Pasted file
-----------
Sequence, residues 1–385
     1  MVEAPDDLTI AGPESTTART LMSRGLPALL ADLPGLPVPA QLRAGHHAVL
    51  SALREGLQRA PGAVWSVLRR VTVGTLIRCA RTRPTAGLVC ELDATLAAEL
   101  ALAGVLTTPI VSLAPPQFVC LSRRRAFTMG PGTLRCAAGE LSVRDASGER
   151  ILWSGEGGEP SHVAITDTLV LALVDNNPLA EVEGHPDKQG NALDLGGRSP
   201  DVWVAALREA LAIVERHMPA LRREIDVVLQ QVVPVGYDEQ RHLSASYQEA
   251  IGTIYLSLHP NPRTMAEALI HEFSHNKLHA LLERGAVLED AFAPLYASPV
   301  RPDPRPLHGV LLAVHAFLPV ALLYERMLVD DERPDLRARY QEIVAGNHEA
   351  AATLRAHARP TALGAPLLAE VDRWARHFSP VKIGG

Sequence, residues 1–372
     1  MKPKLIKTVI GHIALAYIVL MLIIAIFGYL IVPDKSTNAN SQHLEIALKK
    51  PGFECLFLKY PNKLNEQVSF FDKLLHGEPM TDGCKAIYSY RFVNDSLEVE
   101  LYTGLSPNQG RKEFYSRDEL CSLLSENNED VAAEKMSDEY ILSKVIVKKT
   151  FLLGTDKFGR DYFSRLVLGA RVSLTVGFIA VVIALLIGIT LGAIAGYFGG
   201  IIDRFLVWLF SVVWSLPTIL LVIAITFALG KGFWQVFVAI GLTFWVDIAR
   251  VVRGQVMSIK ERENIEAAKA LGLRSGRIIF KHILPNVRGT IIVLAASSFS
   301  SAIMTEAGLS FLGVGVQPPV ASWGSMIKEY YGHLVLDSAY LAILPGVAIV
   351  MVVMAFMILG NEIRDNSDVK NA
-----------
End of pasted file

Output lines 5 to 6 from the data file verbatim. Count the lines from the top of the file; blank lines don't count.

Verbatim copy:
   151  ILWSGEGGEP SHVAITDTLV LALVDNNPLA EVEGHPDKQG NALDLGGRSP
   201  DVWVAALREA LAIVERHMPA LRREIDVVLQ QVVPVGYDEQ RHLSASYQEA